So it’s late November and we have just a few first graders who have not yet mastered their letters and sounds. For these little firsties, we needed to readjust their intervention plan and bump it up a knotch in terms of intensity. It’s always difficult to find time in a jam-packed school day, but mastering letters and sounds is really important and must take priority right now. One way to add intervention time is to teach volunteers and/or the child’s parent in how to teach and practice letters and sounds. Having the right activities available and directions for correctly using the activities is really important. I’ve collected 10 of my most favorite activities for teaching letters and sounds and gathered them in a teaching bag with the directions for each activity. The alphabet bags can either be used at home or at school.
It all begins with assessment. Before beginning with the alphabet bags, it is important that you know which sounds your student knows and does not know. If you do not have an assessment that you already administer at school, feel free to download the Make, Take & Teach Letters and Sounds assessment. I’ve included progress monitoring charts so that you can track your student’s progress.
Click the following link to download the FREE assessment with progress monitoring charts Letter Sound Assessment
The following pdf contains the directions for each activity as well as a time recording sheet to keep track of the practice sessions. Be sure to write the upper- and lowercase letters that the student missed at the top of the form as these letters will be used in the teaching activities.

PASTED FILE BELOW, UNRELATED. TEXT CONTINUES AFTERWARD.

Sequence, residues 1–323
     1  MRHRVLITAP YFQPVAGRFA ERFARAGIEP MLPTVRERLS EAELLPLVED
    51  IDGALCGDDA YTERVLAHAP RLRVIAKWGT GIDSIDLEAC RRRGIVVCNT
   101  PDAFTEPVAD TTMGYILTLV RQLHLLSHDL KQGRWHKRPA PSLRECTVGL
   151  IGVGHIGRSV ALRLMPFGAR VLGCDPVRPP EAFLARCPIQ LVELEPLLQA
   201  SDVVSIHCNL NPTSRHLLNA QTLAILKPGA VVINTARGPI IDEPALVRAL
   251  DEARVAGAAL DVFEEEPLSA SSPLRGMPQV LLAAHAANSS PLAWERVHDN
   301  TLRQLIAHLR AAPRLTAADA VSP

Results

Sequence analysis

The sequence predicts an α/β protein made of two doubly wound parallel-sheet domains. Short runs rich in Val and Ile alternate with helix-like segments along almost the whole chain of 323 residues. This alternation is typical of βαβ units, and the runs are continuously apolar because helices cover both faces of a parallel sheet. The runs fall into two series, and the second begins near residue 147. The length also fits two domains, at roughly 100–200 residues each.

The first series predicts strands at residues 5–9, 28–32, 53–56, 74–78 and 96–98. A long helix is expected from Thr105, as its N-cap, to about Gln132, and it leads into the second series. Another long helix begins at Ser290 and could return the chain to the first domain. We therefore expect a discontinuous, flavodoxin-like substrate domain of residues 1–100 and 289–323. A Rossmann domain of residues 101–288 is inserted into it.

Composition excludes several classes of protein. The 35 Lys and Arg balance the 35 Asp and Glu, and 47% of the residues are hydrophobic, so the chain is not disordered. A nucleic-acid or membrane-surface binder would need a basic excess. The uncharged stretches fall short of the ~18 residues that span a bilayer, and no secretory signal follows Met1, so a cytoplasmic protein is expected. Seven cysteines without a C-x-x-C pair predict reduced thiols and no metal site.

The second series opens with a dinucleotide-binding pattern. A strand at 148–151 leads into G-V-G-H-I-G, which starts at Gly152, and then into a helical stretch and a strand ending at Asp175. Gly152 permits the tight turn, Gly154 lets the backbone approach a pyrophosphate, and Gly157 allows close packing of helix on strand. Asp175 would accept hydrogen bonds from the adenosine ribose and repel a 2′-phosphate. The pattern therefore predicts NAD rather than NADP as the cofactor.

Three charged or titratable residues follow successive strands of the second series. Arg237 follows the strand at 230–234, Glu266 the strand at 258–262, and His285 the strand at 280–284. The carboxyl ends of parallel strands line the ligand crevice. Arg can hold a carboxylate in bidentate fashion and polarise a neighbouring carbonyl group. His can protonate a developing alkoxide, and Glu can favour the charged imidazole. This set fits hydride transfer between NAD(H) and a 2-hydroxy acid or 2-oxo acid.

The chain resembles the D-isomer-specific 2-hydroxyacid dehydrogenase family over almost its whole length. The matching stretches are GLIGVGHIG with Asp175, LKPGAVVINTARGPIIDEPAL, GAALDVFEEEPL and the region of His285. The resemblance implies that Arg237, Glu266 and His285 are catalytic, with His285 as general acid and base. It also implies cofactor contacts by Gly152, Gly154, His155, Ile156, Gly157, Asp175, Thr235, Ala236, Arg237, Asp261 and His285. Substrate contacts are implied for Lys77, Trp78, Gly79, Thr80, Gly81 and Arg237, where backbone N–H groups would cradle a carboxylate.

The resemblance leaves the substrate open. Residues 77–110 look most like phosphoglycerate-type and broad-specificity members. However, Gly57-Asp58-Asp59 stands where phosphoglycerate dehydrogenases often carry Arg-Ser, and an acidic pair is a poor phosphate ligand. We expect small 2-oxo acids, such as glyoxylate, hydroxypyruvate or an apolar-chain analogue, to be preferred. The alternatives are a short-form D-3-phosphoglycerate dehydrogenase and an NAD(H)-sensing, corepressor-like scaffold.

Click the following link to download the free directions for using this kit Learning Letters and Sounds
Each practice session will begin with the letter flashcards. Specific directions for this review are listed on the pdf above. To make the flashcards, you’ll simply need to cut along the dotted line.
Click the following link to download FREE letter flashcards Small Flashcards- Alphabet
Following the flashcard review, have your student choose one of the six teaching activities. (1) I printed the unknown letters from the Dough Letters activity to use with the Play Doh, but you can also use the free Multi-Sensory cards for this activity if you choose. (2) Bendaroos are wax covered sticks often found in the arts and crafts or toy section in large chain stores such as Walmart. You can purchase those in any size. I typically purchase a large box and place about 20 in a baggie for each student. (3) Craft sand can be purchased at Walmart. Simply put sand on a paper plate and have the student write the letters in the sand. (4 and 5) Dry erase boards and small Magnadoodles can be purchased in a dollar store. (6) Plastic screens can be purchased in the arts and crafts needle work section of Walmart or a similar store. Specific directions for the volunteer or parent are on the pdf.
Click the following link to download FREE multi-sensory letter cards Multi-Sensory Letters
If you’d like to use the Dough Letters for the Play-Doh, click HERE. Helpful hint: I used only the unknown letters and covered the page with contact paper so it would be easy to use multiple times.
After the direct teaching activity, have your student choose one of the 5 letter/sound games. My all time favorite activity for practicing letters (and sight words too) is (7) Fiddle Sticks. To make this activity write a letter with a black Sharpie marker at the end of a large craft stick (you’ll need about 50 sticks). On one stick color the tip red or, in this case, I put a snowflake on the stick to match the cup. Directions for playing this game are on the pdf above.
The (8) ABC Turtle game is a fun game for practicing letters and sounds. This activity can be downloaded for free from my Teachers Pay Teachers store.
Click HERE to download the FREE ABC Turtle game.
To make the (9) Make A Word activity you will need 3 wooden blocks. I use 1″x1″ blocks. Using a black Sharpie marker, write the following letters on the first block: g, r, d, m, j and p. Again using the black marker, write the following letters on second block: f, c, b, h, t and s. Using either a blue or red Sharpie marker, write the following letters on the third block: a, e, i, o, u and a. Again, directions for this activity are on the “Learning Letters and Sounds” pdf.